• Like
Reactions: 2 users
~100hrs shadowing, 90hrs as a medical scribe. 600 hours of research. I have like 40 hours of volunteering :,) I have more hours coming up to volunteer.
As others have said, this is not enough. 100 hrs of shadowing is fine if it includes primary care but at minimum you should have 150 hours EACH of clinical experience and non-clinical volunteering.

I don't even know what medical schools to pick, and I have no one to look over my application, I'm just so stressed. I'm worried that if I don't submit AMCAS on May 28th, my chances of getting in will reduce.
If this is where you're at this late in the game you shouldn't be applying this cycle, especially since you are severely lacking in hours and have questionable LORs.

If you apply this cycle you are setting yourself up for disaster and a huge waste of money. You'll have to repeat this whole process as a reapplicant, which you don't want to do. But the good news all of your problems can be fixed by waiting a year. Get a job and make some money. Get your hours up. Build relationships with people to write you LORs. Plenty of people on SDN, myself included, can help you with your PS.

A reasonable response to something like this happening is to take it easy the following semester, adjusting your study strategies, reaching out to advisors to help you better organize your classes, tutoring, office hours—whatever you need to do to make sure you're leaving yourself little room for failure. You can over-prepare to recalibrate your internal gauge that will tell you "OK, I need to put x amount of effort into classes to get an A. And if I take x amount of classes, work is reasonable; but I can't imagine doing more than x number of classes at once."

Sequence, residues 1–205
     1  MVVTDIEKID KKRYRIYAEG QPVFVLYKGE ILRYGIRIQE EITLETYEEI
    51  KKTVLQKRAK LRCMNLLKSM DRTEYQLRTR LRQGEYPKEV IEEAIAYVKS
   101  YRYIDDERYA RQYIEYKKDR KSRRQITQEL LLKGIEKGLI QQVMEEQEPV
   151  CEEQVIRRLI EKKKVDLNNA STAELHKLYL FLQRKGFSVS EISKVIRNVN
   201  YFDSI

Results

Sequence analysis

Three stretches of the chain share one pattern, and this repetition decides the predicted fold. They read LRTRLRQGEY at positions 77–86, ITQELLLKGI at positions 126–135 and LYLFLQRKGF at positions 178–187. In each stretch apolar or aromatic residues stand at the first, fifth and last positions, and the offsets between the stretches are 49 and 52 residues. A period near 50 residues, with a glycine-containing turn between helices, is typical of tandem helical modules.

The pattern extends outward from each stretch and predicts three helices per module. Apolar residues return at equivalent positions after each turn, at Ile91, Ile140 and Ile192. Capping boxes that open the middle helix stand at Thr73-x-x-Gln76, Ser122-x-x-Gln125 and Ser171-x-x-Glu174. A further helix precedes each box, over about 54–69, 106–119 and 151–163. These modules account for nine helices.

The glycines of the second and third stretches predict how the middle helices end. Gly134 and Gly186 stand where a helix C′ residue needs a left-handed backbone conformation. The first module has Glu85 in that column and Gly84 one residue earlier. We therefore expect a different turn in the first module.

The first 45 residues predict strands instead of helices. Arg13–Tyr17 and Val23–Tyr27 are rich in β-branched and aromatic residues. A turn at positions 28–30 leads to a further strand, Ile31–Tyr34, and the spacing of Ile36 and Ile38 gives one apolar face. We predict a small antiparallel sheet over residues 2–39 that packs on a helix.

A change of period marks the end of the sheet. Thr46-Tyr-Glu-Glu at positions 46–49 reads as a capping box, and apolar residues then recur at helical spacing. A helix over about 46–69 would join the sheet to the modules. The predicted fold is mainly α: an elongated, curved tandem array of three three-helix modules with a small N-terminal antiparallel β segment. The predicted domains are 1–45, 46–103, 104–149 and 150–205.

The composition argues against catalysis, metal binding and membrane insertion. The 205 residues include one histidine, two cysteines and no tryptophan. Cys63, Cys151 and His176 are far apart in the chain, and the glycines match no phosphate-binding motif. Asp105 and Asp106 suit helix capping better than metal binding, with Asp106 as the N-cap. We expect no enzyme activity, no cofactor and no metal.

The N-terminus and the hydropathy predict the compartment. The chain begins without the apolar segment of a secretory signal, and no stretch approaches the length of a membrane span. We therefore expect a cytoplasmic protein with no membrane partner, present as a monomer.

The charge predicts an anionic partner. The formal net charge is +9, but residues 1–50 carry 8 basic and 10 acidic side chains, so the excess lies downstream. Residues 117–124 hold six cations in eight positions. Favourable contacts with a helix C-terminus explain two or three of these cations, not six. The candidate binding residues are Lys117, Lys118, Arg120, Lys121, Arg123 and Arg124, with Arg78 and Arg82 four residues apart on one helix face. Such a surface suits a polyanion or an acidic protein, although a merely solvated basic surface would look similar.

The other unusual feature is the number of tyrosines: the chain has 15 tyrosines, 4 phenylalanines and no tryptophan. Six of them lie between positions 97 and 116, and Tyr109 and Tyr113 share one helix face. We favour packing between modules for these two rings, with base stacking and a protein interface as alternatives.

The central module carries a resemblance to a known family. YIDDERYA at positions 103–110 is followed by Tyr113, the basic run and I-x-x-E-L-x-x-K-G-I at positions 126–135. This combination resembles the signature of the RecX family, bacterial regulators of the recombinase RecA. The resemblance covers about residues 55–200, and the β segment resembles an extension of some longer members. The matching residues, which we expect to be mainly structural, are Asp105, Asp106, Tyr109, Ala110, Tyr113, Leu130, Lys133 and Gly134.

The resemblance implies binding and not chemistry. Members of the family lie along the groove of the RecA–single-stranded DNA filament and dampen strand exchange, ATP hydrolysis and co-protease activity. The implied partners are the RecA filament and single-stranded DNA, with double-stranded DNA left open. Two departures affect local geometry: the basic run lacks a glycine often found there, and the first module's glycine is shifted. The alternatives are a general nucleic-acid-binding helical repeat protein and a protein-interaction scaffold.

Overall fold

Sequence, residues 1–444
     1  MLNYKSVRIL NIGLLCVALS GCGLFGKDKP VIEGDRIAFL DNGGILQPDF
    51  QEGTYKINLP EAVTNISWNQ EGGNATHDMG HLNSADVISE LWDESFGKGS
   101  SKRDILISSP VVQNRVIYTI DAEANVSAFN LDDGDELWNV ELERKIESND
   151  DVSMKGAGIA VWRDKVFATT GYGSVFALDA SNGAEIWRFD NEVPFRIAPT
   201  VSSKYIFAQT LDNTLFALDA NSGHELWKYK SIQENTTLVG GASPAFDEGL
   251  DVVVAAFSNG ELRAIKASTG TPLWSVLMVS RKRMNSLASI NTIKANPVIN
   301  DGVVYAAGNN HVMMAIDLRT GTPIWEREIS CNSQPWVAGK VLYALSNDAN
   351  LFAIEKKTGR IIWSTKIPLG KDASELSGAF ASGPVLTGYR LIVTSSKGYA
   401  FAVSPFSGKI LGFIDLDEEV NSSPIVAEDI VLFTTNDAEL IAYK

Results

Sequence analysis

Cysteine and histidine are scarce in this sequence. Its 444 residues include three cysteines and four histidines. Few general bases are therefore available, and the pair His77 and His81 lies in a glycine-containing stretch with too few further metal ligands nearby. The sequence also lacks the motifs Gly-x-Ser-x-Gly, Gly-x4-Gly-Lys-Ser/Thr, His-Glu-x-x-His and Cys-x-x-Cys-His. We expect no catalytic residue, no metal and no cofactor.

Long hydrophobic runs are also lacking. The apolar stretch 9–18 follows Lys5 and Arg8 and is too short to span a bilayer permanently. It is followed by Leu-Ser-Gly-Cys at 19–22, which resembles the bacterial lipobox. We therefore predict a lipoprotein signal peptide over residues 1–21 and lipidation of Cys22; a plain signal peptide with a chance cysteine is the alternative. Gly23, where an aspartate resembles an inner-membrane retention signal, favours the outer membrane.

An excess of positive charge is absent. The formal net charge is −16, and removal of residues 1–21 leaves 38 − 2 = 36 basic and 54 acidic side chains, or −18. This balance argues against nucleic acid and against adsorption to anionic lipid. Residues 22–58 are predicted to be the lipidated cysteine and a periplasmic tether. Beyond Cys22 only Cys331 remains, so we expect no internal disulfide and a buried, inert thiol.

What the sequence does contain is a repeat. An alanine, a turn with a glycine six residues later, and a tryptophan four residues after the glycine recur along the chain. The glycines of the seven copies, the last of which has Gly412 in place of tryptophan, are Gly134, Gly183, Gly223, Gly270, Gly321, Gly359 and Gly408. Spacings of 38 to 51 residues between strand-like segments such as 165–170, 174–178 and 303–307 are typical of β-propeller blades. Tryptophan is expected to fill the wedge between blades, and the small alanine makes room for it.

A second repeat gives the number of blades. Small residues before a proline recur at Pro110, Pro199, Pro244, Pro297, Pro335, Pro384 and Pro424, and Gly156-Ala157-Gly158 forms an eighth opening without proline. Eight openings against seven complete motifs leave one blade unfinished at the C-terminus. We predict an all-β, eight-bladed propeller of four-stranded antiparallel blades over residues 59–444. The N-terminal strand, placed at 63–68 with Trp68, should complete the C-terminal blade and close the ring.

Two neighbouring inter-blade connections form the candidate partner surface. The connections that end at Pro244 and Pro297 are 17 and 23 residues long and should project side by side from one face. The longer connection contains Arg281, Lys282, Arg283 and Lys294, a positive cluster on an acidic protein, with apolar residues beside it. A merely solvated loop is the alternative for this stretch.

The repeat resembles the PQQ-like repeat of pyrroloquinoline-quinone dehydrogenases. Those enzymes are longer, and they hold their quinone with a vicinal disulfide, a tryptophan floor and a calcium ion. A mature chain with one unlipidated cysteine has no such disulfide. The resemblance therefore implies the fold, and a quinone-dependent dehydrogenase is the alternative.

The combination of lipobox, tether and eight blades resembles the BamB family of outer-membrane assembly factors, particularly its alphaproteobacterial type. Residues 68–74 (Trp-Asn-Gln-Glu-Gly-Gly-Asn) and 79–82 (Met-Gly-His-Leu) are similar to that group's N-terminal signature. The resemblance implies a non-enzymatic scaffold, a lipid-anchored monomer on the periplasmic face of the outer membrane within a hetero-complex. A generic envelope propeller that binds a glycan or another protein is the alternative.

This shows not only resilience and recovery, but learning that you can carry with you throughout the rest of your academic career. Medical schools know that medicine isn't "easy" by anyone's academic standards. You are bound to run into academic stress somewhere along the way. Do you want them to know that, when confronted with academic stress, you have a tendency to dive headfirst into it and make everything immeasurably worse? Do you think it's a good strategy to take a "crack" in your application and really bludgeon it until it's in a billion indistinguishable pieces?

Even if the classes you intend to take are "easy," there comes a point of saturation where there just isn't enough time to keep up with deadlines, even if the work itself is not cognitively taxing for you. I can appreciate the confidence in your own abilities, but what is coming through reads more like arrogance, because what you are essentially saying throughout this thread is "I'm really smart and I know I can do it, so I know schools will give me a chance over all of the other chumps applying that did it 'the hard way' even if I'm not meeting clear requirements."

Some parting words: Just because you don't apply this cycle doesn't mean you won't achieve your goals. Postponing an application over a few months that are going to be so busy for you that you won't even realize they're flying by isn't the end of the world. Just because you don't apply this cycle doesn't mean you have to abandon ship. It just means you needed more time. Be kind to yourself, look in the mirror, and have the come to Jesus moment. You need to focus on curating experiences for yourself that will teach you lessons that you can articulate in an interview. Some of them will be good experiences and some will be bad, but there is ALWAYS a lesson.
Quoting this for truth. This process is hard. Do it right and do it once.
 
  • Like
Reactions: 2 users
Top